16.128 mapping humanities computing at ALLC/ACH and after

From: Humanist Discussion Group (by way of Willard McCarty (w.mccarty@btinternet.com)
Date: Mon Jul 15 2002 - 02:27:17 EDT

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                   Humanist Discussion Group, Vol. 16, No. 128.
           Centre for Computing in the Humanities, King's College London

             Date: Mon, 15 Jul 2002 07:11:28 +0100
             From: Willard McCarty <w.mccarty@btinternet.com>
             Subject: mapping humanities computing at ALLC/ACH and after

    The ALLC/ACH humanities computing conference will shortly take place in
    Tuebingen, Germany, 24-28 July. The last event in this conference is a
    plenary roundtable on "New Directions in Humanities Computing", which is
    also the theme of the conference as a whole. Those of us involved are very
    much hoping for vigorous discussion. As a starting point, discussion will
    begin with the outcome of a meeting held in Pisa in April, at which a
    number of us were brought together to sketch a preliminary "roadmap" of the
    field. The roundtable will raise the question, how do the conference
    proceedings cause us to modify, develop or add to the points listed there?

    To aid discussion, Harold Short and I have produced an augmented version of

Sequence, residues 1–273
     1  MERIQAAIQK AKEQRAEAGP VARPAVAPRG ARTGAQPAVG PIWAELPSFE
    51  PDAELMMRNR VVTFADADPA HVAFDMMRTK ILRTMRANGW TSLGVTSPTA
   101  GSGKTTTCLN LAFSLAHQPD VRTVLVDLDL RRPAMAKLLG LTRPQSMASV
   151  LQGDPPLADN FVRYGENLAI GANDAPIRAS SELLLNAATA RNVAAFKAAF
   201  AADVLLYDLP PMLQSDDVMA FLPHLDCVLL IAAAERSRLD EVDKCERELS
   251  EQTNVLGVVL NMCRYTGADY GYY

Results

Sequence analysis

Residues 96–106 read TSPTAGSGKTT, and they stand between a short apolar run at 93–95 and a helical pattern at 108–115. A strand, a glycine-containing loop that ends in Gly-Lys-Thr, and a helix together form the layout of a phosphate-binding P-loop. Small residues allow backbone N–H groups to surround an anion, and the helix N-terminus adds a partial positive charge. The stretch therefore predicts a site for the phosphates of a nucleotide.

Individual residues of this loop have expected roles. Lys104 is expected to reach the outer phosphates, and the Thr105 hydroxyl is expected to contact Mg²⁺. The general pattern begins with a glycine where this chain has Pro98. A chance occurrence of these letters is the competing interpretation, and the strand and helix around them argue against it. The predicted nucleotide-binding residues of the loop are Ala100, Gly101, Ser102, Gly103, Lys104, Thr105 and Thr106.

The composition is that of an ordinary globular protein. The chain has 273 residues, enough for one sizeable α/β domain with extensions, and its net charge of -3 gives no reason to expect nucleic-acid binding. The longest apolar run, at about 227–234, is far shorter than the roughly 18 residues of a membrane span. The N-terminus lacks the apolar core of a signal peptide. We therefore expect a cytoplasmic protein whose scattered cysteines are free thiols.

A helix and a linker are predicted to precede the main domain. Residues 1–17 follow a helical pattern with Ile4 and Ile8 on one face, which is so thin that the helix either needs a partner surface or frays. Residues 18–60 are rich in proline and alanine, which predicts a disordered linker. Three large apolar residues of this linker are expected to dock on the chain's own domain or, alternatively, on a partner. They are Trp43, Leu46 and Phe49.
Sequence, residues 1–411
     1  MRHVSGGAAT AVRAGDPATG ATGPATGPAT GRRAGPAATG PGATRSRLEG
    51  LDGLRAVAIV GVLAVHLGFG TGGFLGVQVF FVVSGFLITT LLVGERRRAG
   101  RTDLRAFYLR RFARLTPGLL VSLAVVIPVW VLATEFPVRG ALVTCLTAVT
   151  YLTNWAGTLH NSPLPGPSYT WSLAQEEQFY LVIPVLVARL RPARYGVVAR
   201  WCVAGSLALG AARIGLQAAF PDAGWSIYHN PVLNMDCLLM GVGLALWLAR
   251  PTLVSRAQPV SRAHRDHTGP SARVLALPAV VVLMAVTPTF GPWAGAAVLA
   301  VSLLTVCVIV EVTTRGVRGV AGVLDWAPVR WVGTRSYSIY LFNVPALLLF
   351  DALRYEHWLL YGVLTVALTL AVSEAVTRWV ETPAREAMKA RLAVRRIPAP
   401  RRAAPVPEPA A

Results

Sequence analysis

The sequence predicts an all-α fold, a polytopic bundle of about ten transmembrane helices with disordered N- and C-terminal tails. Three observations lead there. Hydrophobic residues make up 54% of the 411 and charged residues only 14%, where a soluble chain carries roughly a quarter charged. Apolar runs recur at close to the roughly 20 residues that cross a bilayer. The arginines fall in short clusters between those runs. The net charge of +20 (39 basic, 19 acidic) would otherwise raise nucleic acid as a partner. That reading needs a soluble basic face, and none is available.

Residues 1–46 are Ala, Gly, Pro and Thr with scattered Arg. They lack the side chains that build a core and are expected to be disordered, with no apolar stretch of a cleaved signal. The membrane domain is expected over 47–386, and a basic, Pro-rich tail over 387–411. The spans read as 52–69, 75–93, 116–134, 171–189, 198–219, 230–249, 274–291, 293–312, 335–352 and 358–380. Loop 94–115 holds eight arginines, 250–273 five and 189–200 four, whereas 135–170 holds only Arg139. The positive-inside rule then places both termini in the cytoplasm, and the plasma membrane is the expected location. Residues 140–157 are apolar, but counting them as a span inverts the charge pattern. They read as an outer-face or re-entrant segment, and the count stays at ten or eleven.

the reports submitted by the attendees of the meeting. In this version the
    reports and additional commentary are hyperlinked from "A rough
    intellectual map of humanities computing". See
    <http://maple.cc.kcl.ac.uk/mccarty/map/>; this URL is also accessible from
    the main ALLC page, <http://www.allc.org/>.

    This is (as far as I am aware) the first attempt graphically to represent
    where humanities computing fits into our intellectual and professional
    topography, although it is but one of many attempts over the years to
    figure out the lay of the land. Interestingly, I think, it subordinates
    explanatory text to a graphical image whose suggestive potential goes well
    beyond what the words themselves do. But this also is not a particularly
    new area of work; see, for example, Xia Lin, "Graphical Table of Contents",
    <http://faculty.cis.drexel.edu/~xlin/DL96/DL96.HTM>. (Other pointers of
    interest would be welcome.)

    Based on the discussion at the ALLC/ACH, we will be adding to our map and
    will occasionally publish new versions. We would be most grateful for
    suggestions on how the map might be improved better to reflect the field as
    it is now coming into focus. Clearly bits of the map are very sketchy
    indeed. There are doubtless many omissions for want of sufficient
    knowledge. What we hope to accomplish with this map is not to define
    canonical boundaries and relationships -- not only is it too early to do
    so, but many of them are by nature unstable. Rather we wish to stimulate
    the activity of mapping. Help us fill in the details -- or alter the larger

    (Suggestions for the best kind of software for such purposes would be
    welcome. The original was done -- here imagine a bit of blushing -- with
    Word, the result image-mapped with LiveImage. We're reluctant, however, to
    go so far as to require specialized plugins or other viewing software
    beyond current browsers.)


    Dr Willard McCarty, Senior Lecturer,
    Centre for Computing in the Humanities, King's College London,
    Strand, London WC2R 2LS, U.K.,
    +44 (0)20 7848-2784, ilex.cc.kcl.ac.uk/wlm/,
    willard.mccarty@kcl.ac.uk, w.mccarty@btinternet.com

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